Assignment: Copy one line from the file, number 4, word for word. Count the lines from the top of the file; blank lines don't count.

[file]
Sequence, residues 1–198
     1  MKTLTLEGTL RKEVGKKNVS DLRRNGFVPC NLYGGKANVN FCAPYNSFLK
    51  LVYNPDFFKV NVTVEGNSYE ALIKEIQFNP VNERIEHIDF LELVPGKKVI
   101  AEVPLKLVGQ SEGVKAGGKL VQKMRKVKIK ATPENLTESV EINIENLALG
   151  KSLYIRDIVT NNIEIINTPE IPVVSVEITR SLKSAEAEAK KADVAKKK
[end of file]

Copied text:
   101  AEVPLKLVGQ SEGVKAGGKL VQKMRKVKIK ATPENLTESV EINIENLALG